The Institute for Family Policy warned this week that Spain is immersed in a “demographic winter” that is without precedent. Future projections show that the populace will age at an increasing pace without adequate replacement levels and make Spain the country with the lowest ratio of retired to active workers in all of Europe.
According to the institute, by the middle of this century, “for every three people who are active, two will be in retirement.” At this pace, Spain will surpass the rest of the European countries where the ratio of retired to active is two to one.
The president of the institute, Eduardo Hertfelder, explained that current indicators point to “serious structural problems:” while the number of persons above 65 is 7.3 million, young people under the age of 14 only number 6.2 million, that is, a difference of one 1.1 million people.
Hertfelder said this was a “consequence of a social situation in which the family is not protected or supported beyond a few limited and inadequate measures, mostly consisting of financial aid.” He noted the direct connection between the lack of help for the family and the low birth rate and aging population.
“If this is worrisome, future projections are even more so,” as “the few births that are occurring do not compensate for the continual and intense increase of the adult population, especially among the elderly.”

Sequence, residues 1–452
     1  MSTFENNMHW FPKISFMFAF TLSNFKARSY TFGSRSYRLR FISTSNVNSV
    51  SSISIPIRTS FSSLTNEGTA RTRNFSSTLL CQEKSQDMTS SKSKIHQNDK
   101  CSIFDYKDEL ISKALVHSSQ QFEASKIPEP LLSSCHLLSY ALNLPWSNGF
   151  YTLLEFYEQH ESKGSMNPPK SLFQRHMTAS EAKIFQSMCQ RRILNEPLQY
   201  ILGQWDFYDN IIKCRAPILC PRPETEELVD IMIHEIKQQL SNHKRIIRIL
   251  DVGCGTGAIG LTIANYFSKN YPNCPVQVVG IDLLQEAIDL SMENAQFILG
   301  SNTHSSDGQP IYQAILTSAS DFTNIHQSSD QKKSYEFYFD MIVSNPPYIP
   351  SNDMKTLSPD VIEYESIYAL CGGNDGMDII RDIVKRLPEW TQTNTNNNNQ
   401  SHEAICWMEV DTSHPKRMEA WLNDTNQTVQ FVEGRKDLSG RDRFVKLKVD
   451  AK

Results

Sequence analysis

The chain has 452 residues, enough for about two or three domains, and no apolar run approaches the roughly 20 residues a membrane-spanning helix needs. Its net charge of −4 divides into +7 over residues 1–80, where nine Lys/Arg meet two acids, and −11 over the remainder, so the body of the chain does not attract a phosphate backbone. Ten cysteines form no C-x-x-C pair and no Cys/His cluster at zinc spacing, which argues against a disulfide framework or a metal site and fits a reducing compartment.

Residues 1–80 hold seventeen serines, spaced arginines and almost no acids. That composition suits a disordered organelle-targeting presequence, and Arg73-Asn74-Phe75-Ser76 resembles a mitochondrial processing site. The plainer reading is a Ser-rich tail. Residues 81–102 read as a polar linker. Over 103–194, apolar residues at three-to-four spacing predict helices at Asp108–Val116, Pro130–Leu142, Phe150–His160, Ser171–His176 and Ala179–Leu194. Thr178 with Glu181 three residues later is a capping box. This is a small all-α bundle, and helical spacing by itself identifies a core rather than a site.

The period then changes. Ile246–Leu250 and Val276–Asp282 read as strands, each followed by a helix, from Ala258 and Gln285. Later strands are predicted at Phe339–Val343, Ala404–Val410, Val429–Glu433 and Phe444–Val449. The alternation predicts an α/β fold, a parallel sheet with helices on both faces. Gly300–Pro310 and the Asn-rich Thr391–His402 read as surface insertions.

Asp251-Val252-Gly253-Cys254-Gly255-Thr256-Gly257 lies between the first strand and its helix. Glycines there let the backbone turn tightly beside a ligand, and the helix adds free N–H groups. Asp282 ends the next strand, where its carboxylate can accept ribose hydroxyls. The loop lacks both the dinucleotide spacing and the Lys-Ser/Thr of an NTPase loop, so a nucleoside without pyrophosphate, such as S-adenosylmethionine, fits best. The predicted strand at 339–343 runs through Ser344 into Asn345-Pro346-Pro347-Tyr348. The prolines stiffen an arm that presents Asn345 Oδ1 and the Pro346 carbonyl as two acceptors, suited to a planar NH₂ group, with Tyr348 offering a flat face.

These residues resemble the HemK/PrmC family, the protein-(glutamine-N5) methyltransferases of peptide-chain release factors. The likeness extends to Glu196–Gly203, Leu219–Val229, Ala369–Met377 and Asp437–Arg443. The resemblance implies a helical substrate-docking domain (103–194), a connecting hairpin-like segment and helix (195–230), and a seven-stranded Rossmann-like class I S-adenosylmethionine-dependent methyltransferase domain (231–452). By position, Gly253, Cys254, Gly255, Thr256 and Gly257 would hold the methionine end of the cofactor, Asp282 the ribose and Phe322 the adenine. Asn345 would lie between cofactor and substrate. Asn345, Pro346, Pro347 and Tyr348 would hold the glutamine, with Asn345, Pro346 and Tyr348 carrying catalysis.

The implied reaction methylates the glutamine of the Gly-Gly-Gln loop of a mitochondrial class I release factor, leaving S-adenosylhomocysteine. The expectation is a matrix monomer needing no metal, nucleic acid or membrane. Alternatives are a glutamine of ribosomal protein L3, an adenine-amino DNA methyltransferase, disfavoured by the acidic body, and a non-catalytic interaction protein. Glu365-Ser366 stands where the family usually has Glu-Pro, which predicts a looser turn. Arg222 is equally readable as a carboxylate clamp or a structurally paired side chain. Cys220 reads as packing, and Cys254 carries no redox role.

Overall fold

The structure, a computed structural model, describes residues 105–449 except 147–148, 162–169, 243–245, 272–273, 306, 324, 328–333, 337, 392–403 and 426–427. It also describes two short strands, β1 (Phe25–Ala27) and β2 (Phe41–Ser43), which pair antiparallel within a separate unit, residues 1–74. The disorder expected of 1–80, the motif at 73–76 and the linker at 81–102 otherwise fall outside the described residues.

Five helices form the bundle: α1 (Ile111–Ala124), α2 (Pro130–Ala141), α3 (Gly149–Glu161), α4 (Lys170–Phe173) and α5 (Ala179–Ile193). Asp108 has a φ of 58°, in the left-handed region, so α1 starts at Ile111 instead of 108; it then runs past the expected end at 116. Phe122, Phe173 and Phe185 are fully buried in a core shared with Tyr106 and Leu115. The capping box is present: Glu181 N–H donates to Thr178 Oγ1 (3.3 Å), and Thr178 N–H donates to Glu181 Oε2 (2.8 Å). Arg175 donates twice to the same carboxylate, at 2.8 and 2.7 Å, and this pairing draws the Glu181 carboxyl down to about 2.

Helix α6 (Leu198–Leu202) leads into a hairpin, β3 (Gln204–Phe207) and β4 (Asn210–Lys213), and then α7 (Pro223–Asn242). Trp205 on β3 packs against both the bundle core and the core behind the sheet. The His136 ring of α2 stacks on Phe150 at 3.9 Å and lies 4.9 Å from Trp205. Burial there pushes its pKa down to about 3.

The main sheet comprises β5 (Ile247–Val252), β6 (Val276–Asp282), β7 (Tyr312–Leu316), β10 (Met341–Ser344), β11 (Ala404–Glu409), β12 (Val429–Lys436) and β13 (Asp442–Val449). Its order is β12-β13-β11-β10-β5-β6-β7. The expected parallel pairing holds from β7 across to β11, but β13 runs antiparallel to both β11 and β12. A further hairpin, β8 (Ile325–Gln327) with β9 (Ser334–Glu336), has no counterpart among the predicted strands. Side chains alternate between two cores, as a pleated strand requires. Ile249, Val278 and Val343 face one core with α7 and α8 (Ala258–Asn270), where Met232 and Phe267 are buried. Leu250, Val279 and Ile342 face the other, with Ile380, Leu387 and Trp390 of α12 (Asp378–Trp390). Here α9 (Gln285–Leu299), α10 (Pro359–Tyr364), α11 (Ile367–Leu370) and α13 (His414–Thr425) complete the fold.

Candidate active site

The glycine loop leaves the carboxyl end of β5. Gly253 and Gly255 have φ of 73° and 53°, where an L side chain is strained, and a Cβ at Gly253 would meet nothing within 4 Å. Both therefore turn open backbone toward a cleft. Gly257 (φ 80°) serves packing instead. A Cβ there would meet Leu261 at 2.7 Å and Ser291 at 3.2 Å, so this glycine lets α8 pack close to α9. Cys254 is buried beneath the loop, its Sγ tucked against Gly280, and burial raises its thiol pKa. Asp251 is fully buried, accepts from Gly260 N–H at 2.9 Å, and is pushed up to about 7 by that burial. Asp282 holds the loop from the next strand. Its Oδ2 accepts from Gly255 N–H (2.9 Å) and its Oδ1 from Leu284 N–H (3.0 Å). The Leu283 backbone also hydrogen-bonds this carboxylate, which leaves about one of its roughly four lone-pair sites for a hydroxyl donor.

While Spain is atop of the list of countries with the greatest increase in its elderly population—an increase of 72 percent in the last 23 years—it is at the bottom when it comes to birth rates (1.35 children per woman), Hertfelder pointed out.
According to the institute’s projections, by the year 2032, “there will be one person over 85 for every child under 5,” and by 2050, “for every three persons over 85 there will be only two children under 5.”
“This data should lead society, political parties and the government to take urgent measures to prevent this from occurring,” he warned.